In this episode, Jared shares a few tips on how to earn more money per gig. After all, in order to achieve our music career goals faster, we need to step on the gas pedal.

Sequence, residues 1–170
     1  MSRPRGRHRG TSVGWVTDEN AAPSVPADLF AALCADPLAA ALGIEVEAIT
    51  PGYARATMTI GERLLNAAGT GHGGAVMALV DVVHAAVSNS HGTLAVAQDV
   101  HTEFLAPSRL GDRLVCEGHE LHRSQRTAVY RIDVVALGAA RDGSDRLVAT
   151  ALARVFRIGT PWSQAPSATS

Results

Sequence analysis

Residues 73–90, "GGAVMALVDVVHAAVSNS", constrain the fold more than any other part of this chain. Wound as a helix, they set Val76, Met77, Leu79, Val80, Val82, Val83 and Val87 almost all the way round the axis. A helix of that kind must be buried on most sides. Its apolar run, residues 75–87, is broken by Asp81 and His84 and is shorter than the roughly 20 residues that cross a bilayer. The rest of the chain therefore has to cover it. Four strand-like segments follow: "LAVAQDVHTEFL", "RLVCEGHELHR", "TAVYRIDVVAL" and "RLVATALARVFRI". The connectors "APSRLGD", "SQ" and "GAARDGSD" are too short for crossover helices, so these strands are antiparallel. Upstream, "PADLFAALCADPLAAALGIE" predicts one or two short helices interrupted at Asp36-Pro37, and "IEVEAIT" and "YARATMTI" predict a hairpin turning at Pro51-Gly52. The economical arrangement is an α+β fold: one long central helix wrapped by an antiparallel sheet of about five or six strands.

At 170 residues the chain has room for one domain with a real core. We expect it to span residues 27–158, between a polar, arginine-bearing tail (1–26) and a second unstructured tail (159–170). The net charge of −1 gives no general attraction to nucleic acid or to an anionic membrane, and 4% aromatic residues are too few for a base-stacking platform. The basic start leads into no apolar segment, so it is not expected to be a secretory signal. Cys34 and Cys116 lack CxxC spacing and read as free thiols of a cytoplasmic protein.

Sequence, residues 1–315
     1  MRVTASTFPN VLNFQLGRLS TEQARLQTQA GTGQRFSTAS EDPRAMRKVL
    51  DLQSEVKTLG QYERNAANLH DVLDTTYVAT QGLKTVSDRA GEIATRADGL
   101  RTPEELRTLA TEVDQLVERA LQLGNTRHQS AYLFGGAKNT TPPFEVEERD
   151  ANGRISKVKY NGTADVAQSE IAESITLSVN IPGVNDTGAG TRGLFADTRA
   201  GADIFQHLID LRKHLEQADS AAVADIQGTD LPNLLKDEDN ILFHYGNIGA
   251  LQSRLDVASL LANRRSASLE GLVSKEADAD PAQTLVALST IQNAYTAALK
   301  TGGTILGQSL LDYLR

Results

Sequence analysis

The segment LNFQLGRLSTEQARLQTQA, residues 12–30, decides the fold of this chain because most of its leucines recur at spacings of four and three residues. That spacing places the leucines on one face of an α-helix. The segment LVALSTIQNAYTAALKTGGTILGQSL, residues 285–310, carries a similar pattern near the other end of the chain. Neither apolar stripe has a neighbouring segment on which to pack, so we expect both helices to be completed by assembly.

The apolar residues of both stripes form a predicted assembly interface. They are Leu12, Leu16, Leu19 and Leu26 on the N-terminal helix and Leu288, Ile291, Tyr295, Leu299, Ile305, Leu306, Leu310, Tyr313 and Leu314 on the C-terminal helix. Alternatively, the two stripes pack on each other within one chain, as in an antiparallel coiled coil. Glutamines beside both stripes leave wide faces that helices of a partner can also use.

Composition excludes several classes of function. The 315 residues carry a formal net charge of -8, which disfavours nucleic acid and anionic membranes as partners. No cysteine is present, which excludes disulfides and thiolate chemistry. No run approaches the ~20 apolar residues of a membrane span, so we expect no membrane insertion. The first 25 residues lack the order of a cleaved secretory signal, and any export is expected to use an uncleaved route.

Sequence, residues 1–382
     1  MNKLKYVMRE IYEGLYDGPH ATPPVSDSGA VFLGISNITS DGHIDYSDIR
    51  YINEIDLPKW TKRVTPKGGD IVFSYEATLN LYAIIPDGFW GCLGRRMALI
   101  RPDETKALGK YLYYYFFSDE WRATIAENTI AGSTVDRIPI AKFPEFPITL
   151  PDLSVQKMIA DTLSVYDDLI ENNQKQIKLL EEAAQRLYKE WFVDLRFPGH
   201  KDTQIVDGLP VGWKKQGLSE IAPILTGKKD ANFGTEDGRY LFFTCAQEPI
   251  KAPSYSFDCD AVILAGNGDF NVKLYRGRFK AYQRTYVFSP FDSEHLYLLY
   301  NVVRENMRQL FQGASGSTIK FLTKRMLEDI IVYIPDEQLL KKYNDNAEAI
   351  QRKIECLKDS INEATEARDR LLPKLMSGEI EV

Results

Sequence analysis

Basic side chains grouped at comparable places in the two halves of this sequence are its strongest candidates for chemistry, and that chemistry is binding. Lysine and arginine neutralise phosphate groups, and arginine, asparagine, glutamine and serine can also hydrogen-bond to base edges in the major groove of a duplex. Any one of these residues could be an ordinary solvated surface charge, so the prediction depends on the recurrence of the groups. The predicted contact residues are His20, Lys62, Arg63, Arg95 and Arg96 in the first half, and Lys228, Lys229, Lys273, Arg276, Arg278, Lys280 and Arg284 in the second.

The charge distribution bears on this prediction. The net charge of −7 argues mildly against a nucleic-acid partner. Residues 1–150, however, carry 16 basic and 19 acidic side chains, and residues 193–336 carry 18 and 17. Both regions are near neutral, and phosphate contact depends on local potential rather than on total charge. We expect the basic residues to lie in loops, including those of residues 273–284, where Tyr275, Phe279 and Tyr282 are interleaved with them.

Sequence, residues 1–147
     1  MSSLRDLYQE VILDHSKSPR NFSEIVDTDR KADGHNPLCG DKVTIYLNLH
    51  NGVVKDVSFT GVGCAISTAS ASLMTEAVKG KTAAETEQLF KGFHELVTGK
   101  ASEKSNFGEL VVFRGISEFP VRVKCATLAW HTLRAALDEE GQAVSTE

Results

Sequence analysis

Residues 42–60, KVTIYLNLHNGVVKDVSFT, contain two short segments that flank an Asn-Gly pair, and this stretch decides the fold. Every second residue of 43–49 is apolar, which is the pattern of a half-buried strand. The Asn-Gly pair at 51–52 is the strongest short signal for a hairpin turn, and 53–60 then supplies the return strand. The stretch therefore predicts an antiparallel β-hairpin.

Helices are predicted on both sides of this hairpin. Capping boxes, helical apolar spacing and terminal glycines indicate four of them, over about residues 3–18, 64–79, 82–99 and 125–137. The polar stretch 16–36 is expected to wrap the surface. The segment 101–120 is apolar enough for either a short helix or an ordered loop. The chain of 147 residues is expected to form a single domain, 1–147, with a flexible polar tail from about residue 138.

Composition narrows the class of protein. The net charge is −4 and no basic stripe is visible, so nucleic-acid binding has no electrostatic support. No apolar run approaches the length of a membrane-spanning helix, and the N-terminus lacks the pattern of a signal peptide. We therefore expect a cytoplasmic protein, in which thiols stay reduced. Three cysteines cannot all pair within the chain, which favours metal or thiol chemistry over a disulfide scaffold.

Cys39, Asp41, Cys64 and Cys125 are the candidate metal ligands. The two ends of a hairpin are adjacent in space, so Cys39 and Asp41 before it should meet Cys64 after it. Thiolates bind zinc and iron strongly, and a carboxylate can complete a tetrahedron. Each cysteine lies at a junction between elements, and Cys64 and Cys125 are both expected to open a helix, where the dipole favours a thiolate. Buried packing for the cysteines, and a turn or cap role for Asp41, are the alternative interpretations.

What is up gigging pros. It's Jared and today I wanted to chat about how to earn more per gig. So before we do that, I just want to let you know this episode is sponsored by the Gigging Secrets book. It's available to you for free, just pay some shipping and handling at GiggingSecrets.com. Alright, so first, I apologize for the quality of the mic. Today, I am on my hike in Arizona, I'm on a little trip visiting my family. And I have my microphone, but I left it down at the bottom of the mountain, and I'm at the top right now. So that's unfortunate. But we'll make Dukas as gigging pros, we roll with the punches. And so I wanted to chat about how to earn more per gig, because this is one of the keys to getting you to six figures a year off of playing music. And so people ask about this a lot. And it seems like there's just not enough knowledge on the subject, and maybe not enough bravery on the subject. And I'll talk about that. So the first thing to know is like, I am always experimenting with my group Dream City Strings. You know, when we first started, we were not making a ton per gig. It was more than nothing, that's for sure. But it wasn't enough to sustain somebody. And we have progressively over over the the years of our existence, been figuring out ways to earn more per gig, and it's been paying off. And one of the people who played for me recently at a gig, he went out to Buffalo Wild Wings afterwards. And he, this really touched me, he said, Do you know what this last gig means to me. And I said, No, what he said, it means my new pair of glasses. And that was incredible. Like, that was a big payoff for me, because I've been working so hard to achieve this, earning a lot of money for performing. But to be able to contribute to his life in a very real way meant a lot to me. And if you're listening to this, thanks for sharing that with me. And, you know, putting up with a lot of my crazy experiments, you rock. So that's why I feel like it's so important for musicians to understand how to earn more per gig. So that, you know, we can pay for life and be musicians and be fulfilled. So one of the cool things about that gig is that was a way to earn more per gig. That initially was a wedding ceremony that we were earning, you know, our flat rate for. But one of the initial ways to earn more per gig is to play more time. So they added on a cocktail hour and your ability to sell people on more time will increase your earnings per gig, you know, you can almost earn double for that. Oftentimes, though, as a selling point, you might want to discount additional time, instead of charging your flat rate per hour, you might say, Well, if you book us for the second hour, we're already there, I want to make this an appealing offer to you to add more time, we're not going to charge you double, or whatever your per rate is, we will give you a discount. So it's something to experiment with. So adding on more time, is a way to earn more per gig, I should have started with this number two, because it's quite frankly, the most obvious, which is charge more per gig. And this is where a lot of bar and club musicians might say, you know, we are kind of stuck at the mercy of whatever the bar and club owners pay us. And to that, I understand that here, you start, it's time to start thinking is that bar or club, you know, worth playing. And I hear a lot of people protesting right now. And I get that like, you know, this advice is not for everybody. If you want to keep being at the mercy of bar and club owners that devalue your time, that's your choice to do that. I understand that you're getting to build a following that way. But as a gigging musician, that's not a way to earn more per gig, the way to earn more per gig is to raise your rates and stick with them, and say no to opportunities that aren't worth your time. So this is an area that I would honestly admit that I've struggled with a little bit, because it's scary to raise your rates. It feels like well, people have booked me at this, my previous rate for so long, that they're used to it, and I'm gonna get a lot of people saying no, and offended that I'm raising my rates on them. And I would say, well, most people book live music only once in their life. So only new people are going to experience your new rate. And as you play more gigs and you get more testimonials, the value of your services rises. And it justifies your higher rate. And so if you're not super comfortable, just like you know, doubling your rates right away. Then one thing that I've been excited matching with is like increasing your rate 50 bucks each gig you play something like that. Where, to you the bandleader. It feels like you're making progress. But honestly, to the people who are getting quotes from you, they they don't know the difference, because, you know, they've never booked you in the past. And, you know, I've actually encountered people who said, like, I had my, my family booked you a year or two ago for my sister's wedding. And you guys charged less than, and I say, Yes, that's true. But it's been two years since then, since then, we've played an extra two or 300 gigs, or I'd say weddings, and earn that more experience behind our belts, we've won XY and Z new award since then. And to keep up with a competitive market, because we truly are the best in our field, we need to raise our rates to justify our our value, and they get it. And I still get people saying, you know, you're out of our budget. But that's okay. Because I get people who say you are in our budget, and let's sign the contract. So number one was play for more time. Number two, was to actually raise your rates. And number three, is a fun one, an interesting one that almost no musicians think about. And I'm going to encourage you to think about it is, what else can you sell to the same customer? And we call these upsells? So what upsells Can you add to your bookings? And so we don't really think of this, you know, we're most musicians, we're not trained in business. So we don't think about it this way. But when somebody books, you, they become your customer, you have already proven that you can sell one thing to them. Now think about what else can you sell them. And so, for my group, we charge an additional fee to learn new music, because we do actually pay for all of our arrangements, and we get cheap music specifically made for that song. Or we you know, it just cost money. And we build in a profit margin into that rate, so that we're not just paying, you know, how Leonard for the sheet music, we're also paying our group and whoever coordinates the purchasing of that sheet music. So building a profit margin to that. Some other ideas of what else you could sell to them. If you are, if you play a lot of outdoor gigs, and you require shade, you can sell them the service of bringing a tent. I've seen some groups do that. And my group doesn't do that. Because we just require it in their contract and shift the burden of that to the person who booked us or the venue. But there are groups who use BookLive software that I've seen who do charge extra for a tent, and they'll set it up and they'll add a profit margin. So they make money on that, too. It's not just paying for the tent. What are some other things you can sell to your customer who has already booked you? I'm talking a bit more about private events here. So for private events, specifically, weddings, a service that I add as an upsell, people can actually purchase recording services from me, meaning if they want a keepsake album of their wedding music, I will bring a microphone setup. And I will record the group building the profit margin. And then, you know, give them a USB thumb drive with the actual music that was played at their wedding. And I charge for that, and it's a it's a it's a moneymaker. So that is a possibility. Also providing sound equipment. Like I know many bands already bring their own sound and they include that. But what if you wanted to add on emceeing services? That's an upsell. For my acoustic groups out there, like my group Dream City Strings, we do offer amplification as an upsell. And we'll bring our own sound equipment and microphones specifically designed for our string instruments, and will charge for that building a profit margin. Are you noticing the pattern here, you get this? And that is a service we offer them? And you might be asking when do we offer these things? And I would say right when they book is the best time to offer them any additional upsells you can actually can add that on to their contract before they even sign it. But the second best time is anytime that you have an interaction with them. So like the song based like the song custom song upgrading. People purchase that as they're building and planning their setlist for their wedding. They'll use BookLive the client portal to pick the songs from our current library. And then if they have some song that, you know they had their first road trip, and they played the song and sang it and they need to have that at their wedding. They will reach out to me and ask me Hey, do you Can you play this song? And I'll offer them the custom song upsell? And what else can you sell them. So think about different services that you can offer, a really big one that I left out is you can actually work with a different group type. And say you're playing the wedding ceremony. And you're a string quartet. And they say to you, Hey, do you have any? Do you do offer jazz musicians, and you don't have to be a jazz band. To do this, you can say, I work with a XYZ jazz band. And let me work with them and get back to you. And we can include it in our package for a price break. And then you have just up sold them on a different group. And that's included as your booking and you can add a profit margin on that. And boom, that's how you earn more per gig. So I hope I just blew some people's minds here. Like you can be super creative. This is just, you know, the tip of the iceberg of how you can earn more per gig and the tip of the iceberg for upsells. So, it is possible to earn a living from playing music, you can earn a major six award for earning six figures a year in bookings through the BookLive software. But you might have to be creative at first, and how you increase your prices and charge more per gig. So I hope that helps some of you. Oh, by the way, I mentioned that earlier that this was really just for private event gigs. But there are ways to upsell public event gigs. Many musicians initially gravitate towards selling merch, like, I don't know, T shirts and hats, stickers, and even their own albums. So that is one way to upsell. Although I would argue that's not really selling directly to the customer who booked you that's selling to other customers or future customers who are your audience members. So think about, you know, I'm not the public events wizard. I am the private events wizard, but don't call me that. Although if you do a laugh, I'll get a kick out of that. So be creative on that. And if anybody has any creative ideas on how to earn more per gig on public events, or even more upsells and more ways to earn more per gig for private events. I would love to know shoot me a message you all have my email address. It's Jared@BookLive.com Or join the Gigging Musicians Facebook group, and make a post. Let me know what you think about this. Make sure to like and subscribe to this podcast and again, get your free copy of Gigging Secrets the book that will get physically shipped to your door that teaches you the strategies the playbook of how to start from nothing and earn a living from your music. Get that free plus a little bit of shipping at GiggingSecrets.com Alright, hope you enjoyed this. Remember, you are only one gig away